First, Do No Harm: Canada’s COVID-19 Crisis Management

Canadians are grieving compounded tragedies this week. Unbelievably enough, one man proves things could be worse.


Hill Times/Andrew Meade

Lisa Van Dusen

April 23, 2020

At a certain point in the saga of the 2008-09 financial cataclysm, I ran out of synonyms for cataclysm—calamity, catastrophe, disaster—as nothing seemed to capture the rolling tsunami of that contagion and the same inadequate words became repetitive very early on.

Writing about it weekly from Washington between the collapse of Lehman Brothers in September 2008 and the G20 in London in April 2009 when things started to turn a corner, I started grasping at other languages—bordel, sciagura, unglück—out of sheer unglück fatigue.

The COVID-19 pandemic, as we are reminded continually, is a different sort of cataclysm. It is different because it pits short-term population health and medium-term population health against each other amid an economic time bomb in a way that makes the prisoner’s dilemma seem like a coin toss. It combines the immediate terror—“don’t go outside, it’ll get you!”—of a Godzilla movie with the Hobbesian worst-case scenario of a stimulus-proof recession—“‘Go shopping’ won’t work this time”—with the looming threat of a social-order tipping point—“When the people go hungry, governments topple.”

If, in this age of narrative warfare, someone had concocted a crackpot Dr. Evil-like plot to bring down the free world by afflicting it with the mother of all wicked problems, they could not have come up with a more wicked one. It makes the pre-existing wicked problem rampaging around the White House look like an Adlai Stevenson tribute act.

As with every major disaster these days whose outcomes hold any value whatsoever—especially economic value—to the interests currently bedeviling world affairs in the name of geopolitical dominance, this one comes with no shortage of unnecessary obstacles, avoidable confusion, and tactical obstruction. As the human toll mounts, the immediate solution of more widespread, globally standardized testing, a morbidity-mitigating treatment, and a viable vaccine get obscured by the sideshow of an American president who has made himself not just part of the problem but a WHO-defunding, IMF-scuttling, shutdown-ending pandemic supervector. The question of when to loosen the economic tourniquet containing this pandemic is not about hunches, it’s about the science of weighing the daily number of new cases against the time required to neutralize the threat to the utmost degree humanly possible.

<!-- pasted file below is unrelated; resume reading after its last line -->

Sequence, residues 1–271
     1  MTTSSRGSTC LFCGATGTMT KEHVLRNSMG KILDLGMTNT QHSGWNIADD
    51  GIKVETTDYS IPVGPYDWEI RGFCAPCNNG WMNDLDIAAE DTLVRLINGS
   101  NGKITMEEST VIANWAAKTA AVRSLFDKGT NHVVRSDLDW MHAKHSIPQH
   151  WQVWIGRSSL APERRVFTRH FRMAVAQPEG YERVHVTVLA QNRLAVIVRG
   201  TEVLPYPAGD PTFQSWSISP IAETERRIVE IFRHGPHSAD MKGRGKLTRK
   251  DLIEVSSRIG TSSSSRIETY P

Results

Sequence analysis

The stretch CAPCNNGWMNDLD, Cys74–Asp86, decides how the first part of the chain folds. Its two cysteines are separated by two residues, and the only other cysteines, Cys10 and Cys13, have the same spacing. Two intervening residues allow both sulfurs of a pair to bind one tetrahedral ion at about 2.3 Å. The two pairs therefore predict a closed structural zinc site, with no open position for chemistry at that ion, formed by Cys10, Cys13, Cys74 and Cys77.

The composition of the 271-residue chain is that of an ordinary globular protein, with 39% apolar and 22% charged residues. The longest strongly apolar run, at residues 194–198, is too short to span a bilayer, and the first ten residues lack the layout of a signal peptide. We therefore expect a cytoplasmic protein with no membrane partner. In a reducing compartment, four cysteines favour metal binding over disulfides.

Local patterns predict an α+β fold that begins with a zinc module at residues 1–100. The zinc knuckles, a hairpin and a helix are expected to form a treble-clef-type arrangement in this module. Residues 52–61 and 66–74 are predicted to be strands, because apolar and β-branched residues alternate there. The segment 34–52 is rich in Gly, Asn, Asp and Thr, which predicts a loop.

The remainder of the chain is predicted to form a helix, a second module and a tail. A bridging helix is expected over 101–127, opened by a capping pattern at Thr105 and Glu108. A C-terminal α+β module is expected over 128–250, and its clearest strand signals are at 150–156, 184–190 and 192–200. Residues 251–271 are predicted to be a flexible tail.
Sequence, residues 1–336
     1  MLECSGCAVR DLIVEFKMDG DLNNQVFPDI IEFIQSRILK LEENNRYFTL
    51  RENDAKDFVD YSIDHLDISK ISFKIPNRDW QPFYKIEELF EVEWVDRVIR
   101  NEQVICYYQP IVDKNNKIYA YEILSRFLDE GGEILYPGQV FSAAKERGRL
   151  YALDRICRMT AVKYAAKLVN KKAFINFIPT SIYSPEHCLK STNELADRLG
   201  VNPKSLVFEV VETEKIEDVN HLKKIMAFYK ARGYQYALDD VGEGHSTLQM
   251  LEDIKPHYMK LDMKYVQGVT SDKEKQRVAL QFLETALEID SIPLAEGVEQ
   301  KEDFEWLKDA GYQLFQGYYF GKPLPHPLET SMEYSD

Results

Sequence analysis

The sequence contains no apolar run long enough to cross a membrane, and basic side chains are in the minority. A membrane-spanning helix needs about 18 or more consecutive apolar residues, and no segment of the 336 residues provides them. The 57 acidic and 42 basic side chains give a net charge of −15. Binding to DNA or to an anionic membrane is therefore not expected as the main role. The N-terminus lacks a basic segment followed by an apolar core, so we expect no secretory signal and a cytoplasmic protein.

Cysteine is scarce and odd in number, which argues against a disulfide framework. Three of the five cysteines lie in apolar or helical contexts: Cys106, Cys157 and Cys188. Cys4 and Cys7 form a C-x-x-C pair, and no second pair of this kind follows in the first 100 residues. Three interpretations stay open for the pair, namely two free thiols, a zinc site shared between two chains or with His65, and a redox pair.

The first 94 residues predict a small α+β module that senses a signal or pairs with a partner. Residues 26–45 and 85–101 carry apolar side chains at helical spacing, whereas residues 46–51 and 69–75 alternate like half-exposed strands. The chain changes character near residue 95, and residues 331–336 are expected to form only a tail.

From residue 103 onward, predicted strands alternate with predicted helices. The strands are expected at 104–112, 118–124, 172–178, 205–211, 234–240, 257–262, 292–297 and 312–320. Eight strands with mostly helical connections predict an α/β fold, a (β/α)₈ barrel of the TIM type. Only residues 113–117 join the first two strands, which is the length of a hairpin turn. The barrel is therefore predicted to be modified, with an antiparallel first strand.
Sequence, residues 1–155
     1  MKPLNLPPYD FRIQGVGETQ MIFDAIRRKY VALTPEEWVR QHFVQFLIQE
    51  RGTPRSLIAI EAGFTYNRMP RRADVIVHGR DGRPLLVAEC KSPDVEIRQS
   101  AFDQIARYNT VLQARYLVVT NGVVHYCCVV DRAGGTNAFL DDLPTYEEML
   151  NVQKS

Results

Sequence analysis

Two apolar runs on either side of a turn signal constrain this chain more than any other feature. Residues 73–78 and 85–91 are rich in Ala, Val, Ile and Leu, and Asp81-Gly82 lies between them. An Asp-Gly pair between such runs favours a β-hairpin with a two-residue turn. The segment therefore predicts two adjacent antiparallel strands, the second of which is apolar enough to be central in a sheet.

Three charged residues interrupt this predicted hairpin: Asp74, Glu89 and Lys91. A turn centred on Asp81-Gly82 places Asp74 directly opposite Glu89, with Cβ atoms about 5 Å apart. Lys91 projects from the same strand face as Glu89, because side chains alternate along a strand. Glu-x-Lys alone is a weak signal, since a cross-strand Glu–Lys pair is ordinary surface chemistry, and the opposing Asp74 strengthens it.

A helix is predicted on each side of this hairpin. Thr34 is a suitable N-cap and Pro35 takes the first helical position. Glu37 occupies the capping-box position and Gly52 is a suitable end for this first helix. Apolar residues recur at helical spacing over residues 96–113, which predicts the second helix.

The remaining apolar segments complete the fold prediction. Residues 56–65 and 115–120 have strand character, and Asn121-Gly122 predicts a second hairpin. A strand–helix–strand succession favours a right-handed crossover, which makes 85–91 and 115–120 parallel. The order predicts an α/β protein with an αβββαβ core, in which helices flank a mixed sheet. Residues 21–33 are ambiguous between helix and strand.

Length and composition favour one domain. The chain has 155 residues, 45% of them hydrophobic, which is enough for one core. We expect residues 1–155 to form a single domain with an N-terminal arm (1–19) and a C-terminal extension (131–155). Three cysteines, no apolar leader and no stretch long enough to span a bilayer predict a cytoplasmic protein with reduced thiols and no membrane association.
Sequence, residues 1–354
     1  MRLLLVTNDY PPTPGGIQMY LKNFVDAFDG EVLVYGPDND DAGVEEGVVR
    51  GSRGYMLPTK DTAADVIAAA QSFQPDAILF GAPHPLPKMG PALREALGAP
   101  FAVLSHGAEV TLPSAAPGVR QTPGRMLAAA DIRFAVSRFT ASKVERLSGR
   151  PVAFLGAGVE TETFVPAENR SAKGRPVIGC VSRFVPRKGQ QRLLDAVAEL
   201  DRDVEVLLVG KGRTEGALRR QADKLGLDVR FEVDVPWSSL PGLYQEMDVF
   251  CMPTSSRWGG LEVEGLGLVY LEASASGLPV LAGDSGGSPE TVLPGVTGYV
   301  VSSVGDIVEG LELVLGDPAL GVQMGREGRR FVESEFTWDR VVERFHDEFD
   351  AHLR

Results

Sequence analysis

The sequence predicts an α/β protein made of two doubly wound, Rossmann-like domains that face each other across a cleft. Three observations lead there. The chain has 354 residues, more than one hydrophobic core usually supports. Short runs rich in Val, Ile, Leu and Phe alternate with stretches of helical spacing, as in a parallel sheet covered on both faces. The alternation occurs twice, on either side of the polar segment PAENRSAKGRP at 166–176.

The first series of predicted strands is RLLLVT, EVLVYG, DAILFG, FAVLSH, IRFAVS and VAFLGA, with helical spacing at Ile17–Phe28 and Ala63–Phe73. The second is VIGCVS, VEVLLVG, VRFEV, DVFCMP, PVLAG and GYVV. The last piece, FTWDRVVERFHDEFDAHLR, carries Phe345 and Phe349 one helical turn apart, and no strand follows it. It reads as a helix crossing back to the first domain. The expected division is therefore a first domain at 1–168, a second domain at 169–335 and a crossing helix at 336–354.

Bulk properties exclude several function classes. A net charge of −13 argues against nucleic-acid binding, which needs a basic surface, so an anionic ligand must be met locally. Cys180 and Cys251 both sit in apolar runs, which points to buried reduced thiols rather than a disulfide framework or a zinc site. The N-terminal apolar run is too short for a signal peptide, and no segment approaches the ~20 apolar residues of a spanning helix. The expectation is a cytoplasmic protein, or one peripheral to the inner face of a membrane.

Meanwhile, with the help of Prime Minister Justin Trudeau’s palliative daily stoop chats, Deputy Prime Minister Chrystia Freeland’s honest and competent briefings, Chief Public Health Officer Theresa Tam’s accessible-but-not-patronizing updates, and the lineup of mostly women health officers echoing that no-nonsense crisis communications approach in provincial capitals, Canada has never made boring look so good (a theme beautifully, and boringly, echoed in Ryan Reynolds’ Bring Boring Back Conquer COVID-19 t-shirt fundraising campaign).

Hundreds of people have died in this country and hundreds of thousands more (the global death toll is approaching 200,000 at this writing) have died across the globe from a virus whose disruptive and destructive capabilities disarm modern damage control approaches with medieval ruthlessness. Which leaves crisis management as any government’s chief responsibility. Truthfulness, tone, and pitch—as every leader from Lincoln to Churchill to Pierre Trudeau proved—are invaluable components of that role.

When events conspire to produce a reality that makes the deadliest mass shooting in Canadian history a sidebar to a larger daily disaster and prevents grieving families from observing the rituals essential to processing the loss of loved ones to violence, having a government whose modus operandi is “first, do no harm” shouldn’t feel lucky, but it does.

That the power of personality as a component of leadership has never been as clear as it is in Washington right now isn’t just column fodder; it’s absolutely tragic. It’s not a reflection of America, it’s just a different sort of disaster.

Lisa Van Dusen is associate editor of Policy Magazine and a columnist for The Hill Times. She was Washington bureau chief for Sun Media, international writer for Peter Jennings at ABC News, and an editor at AP in New York and UPI in Washington.